- Jeff Wrana, a senior investigator at Sinai Health System and a professor in the Department of Molecular Genetics, leads a project that aims to use human brain organoids — three-dimensional tissue cultures grown from stem cells that can demonstrate key characteristics of an organ — to gain a better understanding of how human neural systems develop and to develop more predictive pre-clinical models of human neurological diseases. It will build on the team’s previous work characterizing vascularized human cerebral organoids using a novel microfluidic platform combined with single-cell profiling and tissue imaging. The project will also develop tools to drive more efficient and safer drug development and develop better strategies to treat stroke. Co-investigators include: Laurence Pelletier, an investigator at Sinai Health System; Lilliana Attisano and Ben Blencowe, both professors at the Donnelly Centre for Cellular and Biomolecular Research; and Sid Goyal, a professor in the Department of Physics.
- Juan Carlos Zúñiga-Pflücker, a senior scientist at Sunnybrook Health Sciences Centre and chair of U of T’s Department of Immunology, and Andras Nagy, a senior investigator at Sinai Health System and a professor in the Department of Obstetrics & Gynaecology and the Institute of Medical Sciences at U of T, co-lead the project. The project will investigate strategies to prevent the immune system from rejecting transplanted tissues derived from stem cells — a key challenge for regenerative medicine. Their team is using as its model stem cell-derived beta cells — pancreatic cells that produce insulin — which are being widely studied as a possible regenerative medicine therapy for diabetes. The team is investigating two approaches to prevent immune rejection of the transplanted beta cells. The first strategy is to develop tissue-specific regulatory T cells (Tregs) that can dampen the immune system’s response specifically to the transplanted beta cells without inducing systemic immunosuppression. A key part of this strategy includes harnessing tissue-resident innate cells — immune cells such as macrophages that recognize general features of pathogens rather than targeting specific invaders — to promote immune tolerance, beta-cell engraftment, and Treg function. The second approach involves “cloaking” the precursor cells from the immune system to prevent rejection. Cloaking will also be used to develop a single, safe cell line, which will serve as a “universal” source of therapeutic cells, reducing the need for genetically matched donor tissue. Co-investigators include: Dr. Naoto Hirano and Tracy McGaha, senior scientists at UHN; Sarah Crome, Cristina Nostro and Sara Vasconcelos, scientists at UHN.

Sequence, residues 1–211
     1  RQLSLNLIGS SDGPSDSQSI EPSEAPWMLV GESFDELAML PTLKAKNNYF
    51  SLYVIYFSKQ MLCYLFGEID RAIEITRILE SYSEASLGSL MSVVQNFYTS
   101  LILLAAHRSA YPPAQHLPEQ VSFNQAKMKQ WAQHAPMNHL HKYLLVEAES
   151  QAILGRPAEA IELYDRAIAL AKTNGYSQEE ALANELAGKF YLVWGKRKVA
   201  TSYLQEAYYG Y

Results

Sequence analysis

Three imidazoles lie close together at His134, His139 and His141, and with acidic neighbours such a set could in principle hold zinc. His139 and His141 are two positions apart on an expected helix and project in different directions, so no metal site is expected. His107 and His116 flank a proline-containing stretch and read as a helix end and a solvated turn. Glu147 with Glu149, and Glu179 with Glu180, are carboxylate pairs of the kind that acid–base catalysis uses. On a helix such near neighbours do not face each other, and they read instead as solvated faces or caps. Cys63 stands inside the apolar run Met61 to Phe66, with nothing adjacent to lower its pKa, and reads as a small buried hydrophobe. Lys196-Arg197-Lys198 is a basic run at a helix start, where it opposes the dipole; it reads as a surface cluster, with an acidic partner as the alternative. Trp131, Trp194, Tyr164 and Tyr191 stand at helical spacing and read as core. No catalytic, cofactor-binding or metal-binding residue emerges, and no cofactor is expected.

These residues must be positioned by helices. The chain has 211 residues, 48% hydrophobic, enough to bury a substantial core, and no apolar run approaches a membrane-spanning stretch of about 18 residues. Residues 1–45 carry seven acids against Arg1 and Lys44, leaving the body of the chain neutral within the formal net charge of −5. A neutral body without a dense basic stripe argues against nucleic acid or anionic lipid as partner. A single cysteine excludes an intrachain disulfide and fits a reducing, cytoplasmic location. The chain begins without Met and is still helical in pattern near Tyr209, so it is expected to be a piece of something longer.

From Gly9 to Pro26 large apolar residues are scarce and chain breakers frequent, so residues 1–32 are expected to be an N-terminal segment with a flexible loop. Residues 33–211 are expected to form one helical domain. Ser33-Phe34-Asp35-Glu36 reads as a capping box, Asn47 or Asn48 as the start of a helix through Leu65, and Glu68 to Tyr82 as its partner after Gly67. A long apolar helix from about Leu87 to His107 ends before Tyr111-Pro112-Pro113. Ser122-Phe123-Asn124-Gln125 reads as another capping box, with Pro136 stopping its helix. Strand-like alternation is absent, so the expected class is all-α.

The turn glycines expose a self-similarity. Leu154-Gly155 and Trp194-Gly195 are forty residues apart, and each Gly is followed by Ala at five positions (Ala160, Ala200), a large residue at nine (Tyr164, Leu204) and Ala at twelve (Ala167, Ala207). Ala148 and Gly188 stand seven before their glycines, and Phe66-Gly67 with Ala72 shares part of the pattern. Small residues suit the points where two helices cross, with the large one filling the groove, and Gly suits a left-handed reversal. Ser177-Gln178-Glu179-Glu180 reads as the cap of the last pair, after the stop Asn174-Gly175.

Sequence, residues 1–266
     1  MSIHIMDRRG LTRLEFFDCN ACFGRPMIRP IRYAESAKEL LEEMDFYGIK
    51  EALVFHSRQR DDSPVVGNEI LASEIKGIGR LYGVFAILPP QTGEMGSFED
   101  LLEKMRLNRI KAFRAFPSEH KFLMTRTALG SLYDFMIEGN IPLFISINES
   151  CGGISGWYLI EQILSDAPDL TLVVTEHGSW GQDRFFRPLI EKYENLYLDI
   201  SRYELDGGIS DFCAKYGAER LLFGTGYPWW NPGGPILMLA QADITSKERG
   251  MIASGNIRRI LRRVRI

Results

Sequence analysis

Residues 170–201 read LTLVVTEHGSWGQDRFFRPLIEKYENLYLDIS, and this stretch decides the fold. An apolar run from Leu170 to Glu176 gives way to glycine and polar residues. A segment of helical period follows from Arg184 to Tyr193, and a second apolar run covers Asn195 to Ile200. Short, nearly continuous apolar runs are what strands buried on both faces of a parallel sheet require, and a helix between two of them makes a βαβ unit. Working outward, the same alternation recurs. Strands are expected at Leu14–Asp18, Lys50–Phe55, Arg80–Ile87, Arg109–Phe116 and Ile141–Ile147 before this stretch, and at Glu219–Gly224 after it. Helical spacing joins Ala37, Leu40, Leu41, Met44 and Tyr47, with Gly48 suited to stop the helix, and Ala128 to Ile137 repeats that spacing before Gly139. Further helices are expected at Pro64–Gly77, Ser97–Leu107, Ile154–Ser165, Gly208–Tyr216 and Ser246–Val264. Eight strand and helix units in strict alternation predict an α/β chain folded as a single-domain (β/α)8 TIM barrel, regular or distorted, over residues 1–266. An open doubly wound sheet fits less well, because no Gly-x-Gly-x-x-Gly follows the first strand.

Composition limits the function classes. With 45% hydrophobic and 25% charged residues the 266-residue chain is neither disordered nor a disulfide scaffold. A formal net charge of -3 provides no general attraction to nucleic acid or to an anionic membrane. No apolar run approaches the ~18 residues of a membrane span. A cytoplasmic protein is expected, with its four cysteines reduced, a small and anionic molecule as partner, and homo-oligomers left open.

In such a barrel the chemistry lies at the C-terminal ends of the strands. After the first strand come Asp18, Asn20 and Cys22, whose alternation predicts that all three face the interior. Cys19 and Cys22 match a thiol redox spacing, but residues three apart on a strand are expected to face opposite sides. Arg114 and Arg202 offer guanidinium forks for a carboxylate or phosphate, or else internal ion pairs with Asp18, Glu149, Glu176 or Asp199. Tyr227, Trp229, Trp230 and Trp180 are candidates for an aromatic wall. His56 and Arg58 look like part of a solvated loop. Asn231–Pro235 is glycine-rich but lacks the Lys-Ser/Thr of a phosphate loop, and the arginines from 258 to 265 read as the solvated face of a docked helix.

Funded by a $114-million grant from the Canada First Research Excellence Fund, Medicine by Design brings together more than 130 principal investigators at the University of Toronto and its affiliated hospitals to work at the convergence of engineering, medicine and science. It builds on decades of made-in-Canada excellence in regenerative medicine dating back to the discovery of stem cells in the early 1960s by Toronto researchers Drs. James Till and Ernest McCulloch.